So I have my little mediawiki 1.4rc1 running OK on my PB G4
(Panther at the moment, Tiger coming up), and am looking at the
bugzilla list, but it's somewhat unclear on how to choose what
to look at - priorities and criticalities seem kind of random.
I have some bigger projects in mind, but this is my first foray
into web apps, so I'd like to try some simpler hackery to begin
with. Any suggestions?
I'm sure this is not an original thought and probably has been discussed
again recently on IRC.
I'm curious to the outcome though:
Would it be possible to make dumps every one or two days, so that we are
less dependant on good fortune next time?
> some simpler hackery to begin with. Any suggestions?
Welcome! :) You may sure join #mediawiki channel at irc.freenode.org, that's where rants and raves are discussed, so you may catch up to latest breezes of development, as well as notice incoming bugzilla tickets :)
Most productive discussions happen live;-)
I've noticed increasing levels of vandalism via anonymizing proxies. We
turned off the automatic proxy-scanning some time ago because of
complaints by the clue-deficient who saw this as potential attacks.
However, it might be a good idea to do the following:
* whenever an admin _blocks_ a user, the IP they were editing from
should be automatically proxy-scanned, and blocked indefinitely if it is
an open proxy (_in addition to_ the username/IP block that would have
By restricting proxy scans to proven vandals, this will reduce the rate
of proxy scans to a few dozen a day (from tens of thousands before), and
result in a proportionately trivial level of complaints which can safely
be auto-replied or ignored. It will also allow the reply to be very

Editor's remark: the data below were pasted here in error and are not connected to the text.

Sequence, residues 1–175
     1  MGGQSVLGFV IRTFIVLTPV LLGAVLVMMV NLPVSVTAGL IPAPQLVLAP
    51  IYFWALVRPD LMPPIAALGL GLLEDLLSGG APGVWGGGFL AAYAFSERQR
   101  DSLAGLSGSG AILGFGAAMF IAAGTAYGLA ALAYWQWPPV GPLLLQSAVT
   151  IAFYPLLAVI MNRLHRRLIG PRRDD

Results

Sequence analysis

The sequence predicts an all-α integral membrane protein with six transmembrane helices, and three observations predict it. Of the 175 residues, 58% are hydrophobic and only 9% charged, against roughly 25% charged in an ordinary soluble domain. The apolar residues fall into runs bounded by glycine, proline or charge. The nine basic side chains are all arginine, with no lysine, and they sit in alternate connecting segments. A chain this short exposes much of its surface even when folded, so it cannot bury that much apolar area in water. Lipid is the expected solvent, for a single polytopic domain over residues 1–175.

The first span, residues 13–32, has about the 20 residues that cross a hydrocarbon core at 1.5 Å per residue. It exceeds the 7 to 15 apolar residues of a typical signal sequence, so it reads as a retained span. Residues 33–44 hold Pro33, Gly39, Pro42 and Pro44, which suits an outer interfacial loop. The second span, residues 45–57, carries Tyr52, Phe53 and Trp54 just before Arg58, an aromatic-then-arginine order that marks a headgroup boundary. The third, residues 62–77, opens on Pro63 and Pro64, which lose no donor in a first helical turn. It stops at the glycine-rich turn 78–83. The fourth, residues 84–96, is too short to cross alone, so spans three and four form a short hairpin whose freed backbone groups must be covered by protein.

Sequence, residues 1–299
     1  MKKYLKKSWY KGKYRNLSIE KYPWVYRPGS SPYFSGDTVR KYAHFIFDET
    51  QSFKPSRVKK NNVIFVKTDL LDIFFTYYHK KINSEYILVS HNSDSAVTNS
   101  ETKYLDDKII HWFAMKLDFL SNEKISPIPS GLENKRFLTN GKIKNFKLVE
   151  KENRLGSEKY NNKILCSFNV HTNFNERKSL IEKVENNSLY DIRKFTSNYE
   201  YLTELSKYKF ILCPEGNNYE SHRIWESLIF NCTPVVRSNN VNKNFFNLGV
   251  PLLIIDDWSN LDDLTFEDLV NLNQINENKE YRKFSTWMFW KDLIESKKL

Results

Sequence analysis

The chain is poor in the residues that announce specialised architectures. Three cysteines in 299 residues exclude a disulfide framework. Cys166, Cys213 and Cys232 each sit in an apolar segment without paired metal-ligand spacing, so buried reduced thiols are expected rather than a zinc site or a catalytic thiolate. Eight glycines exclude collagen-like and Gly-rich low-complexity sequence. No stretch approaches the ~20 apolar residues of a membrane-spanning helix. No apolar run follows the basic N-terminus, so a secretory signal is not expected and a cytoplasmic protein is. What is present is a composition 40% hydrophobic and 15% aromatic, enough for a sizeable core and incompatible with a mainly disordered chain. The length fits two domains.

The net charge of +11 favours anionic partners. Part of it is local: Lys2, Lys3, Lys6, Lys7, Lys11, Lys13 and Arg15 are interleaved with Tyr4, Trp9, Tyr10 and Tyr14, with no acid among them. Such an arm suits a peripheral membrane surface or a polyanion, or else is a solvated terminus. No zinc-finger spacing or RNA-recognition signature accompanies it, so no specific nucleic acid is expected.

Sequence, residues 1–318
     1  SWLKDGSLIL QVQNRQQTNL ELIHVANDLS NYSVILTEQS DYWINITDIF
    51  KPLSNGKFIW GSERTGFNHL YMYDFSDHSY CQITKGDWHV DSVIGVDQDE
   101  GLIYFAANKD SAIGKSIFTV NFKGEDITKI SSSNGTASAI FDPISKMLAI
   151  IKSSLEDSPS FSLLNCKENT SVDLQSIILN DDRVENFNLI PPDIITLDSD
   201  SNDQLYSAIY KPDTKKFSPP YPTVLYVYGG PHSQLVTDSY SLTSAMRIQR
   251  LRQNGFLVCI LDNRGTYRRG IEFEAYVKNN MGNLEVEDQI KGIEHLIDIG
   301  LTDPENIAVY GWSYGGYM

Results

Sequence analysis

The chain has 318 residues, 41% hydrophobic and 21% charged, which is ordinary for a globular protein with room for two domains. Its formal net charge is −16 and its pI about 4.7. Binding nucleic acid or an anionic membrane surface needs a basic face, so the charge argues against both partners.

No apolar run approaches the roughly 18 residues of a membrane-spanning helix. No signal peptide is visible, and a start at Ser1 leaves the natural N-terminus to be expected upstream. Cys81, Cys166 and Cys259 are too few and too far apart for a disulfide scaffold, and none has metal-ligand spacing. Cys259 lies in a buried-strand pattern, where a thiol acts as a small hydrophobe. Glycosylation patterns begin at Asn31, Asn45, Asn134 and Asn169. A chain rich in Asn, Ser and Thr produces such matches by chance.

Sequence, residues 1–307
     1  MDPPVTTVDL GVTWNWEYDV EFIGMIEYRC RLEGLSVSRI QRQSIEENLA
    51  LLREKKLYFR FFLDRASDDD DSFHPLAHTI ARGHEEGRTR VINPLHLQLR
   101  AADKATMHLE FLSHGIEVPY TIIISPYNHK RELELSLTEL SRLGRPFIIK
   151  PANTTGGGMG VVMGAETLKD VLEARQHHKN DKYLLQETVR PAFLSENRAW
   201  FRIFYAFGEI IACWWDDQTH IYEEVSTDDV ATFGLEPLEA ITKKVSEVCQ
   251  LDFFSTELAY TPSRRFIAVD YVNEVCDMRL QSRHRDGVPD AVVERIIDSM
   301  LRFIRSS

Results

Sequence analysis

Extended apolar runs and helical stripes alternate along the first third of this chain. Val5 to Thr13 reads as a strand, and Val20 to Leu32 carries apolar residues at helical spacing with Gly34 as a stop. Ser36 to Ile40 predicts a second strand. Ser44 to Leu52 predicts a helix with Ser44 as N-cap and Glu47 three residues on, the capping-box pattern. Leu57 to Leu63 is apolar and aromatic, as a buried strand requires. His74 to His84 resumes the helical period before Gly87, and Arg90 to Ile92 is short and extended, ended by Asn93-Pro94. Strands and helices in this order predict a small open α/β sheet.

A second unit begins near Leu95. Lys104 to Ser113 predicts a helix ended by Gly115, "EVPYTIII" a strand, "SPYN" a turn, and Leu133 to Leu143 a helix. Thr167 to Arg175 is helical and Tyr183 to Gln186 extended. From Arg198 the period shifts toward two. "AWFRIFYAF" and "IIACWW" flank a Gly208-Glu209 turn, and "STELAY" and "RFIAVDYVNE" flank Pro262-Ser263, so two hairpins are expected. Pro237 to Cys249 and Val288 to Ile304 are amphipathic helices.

clear: "we detected abuse from your user, verified that it was coming
from an unsecured proxy on your network, and took appropriate action".
99% of the code for this already exists, so it should be trivial to put
in place -- however, I'm aware that our heroic developers are somewhat
Well, here again NSK wrote:
> Wikipedia/WikiCommons/Wikibooks are all dangerously slow. I recently installed
> the Zend Optimiser 2.5.7 on my site www.wikinerds.org . Zend Optimiser speeds
> up php by 40%. I think you should install it too if you haven't done so already.
Have you tried Turck? It's on all pages you may find about MediaWiki performance tuning.
http://turck-mmcache.sourceforge.net/. And yes, wikimedia sites sure run bytecode cache.
You may try other caching facilities (memcached, squid, ...) as well, then you could tell
that wikineds.org is running xxx% faster ;-)
Thanks to Brion and all who helped out with the outage. Bad things
happen despite the best of preparations, and even in hindsight I doubt
if anything could have been done aside from the costly and impractical
alternative of having a fully redundant site off in a bunker somewhere.
Not all failures can be foreseen.
In the interest of harm reduction for the future, I would like to
recommend the excellent services of the folks at easydns.com, who
provided reliable secondary services and mail queuing for me for some
years while I was handling IT stuff for an employer. Their prices are
cheap, they have competent technical support, and they have a network
of secondaries on at least two continents. I would suggest that we
include them in our plans even if other measures are taken.
The Uninvited Co., Inc.
(a Delaware corporation)
On http://en.wikipedia.org/wiki/User_talk:David_Gerard/1.0 , en:User:Payo1
raises this interesting question:
Would it be possible to find some schools in developing countries that
do have internet access and track what articles their students access
for a couple of months? We might even be able to identify gaps in
content by looking at their failed searches.--Payo1 10:21, 23 Feb 2005
This is regarding selection of articles needed for a paper Wikipedia.
Is such a query feasible or framable? This might be of use!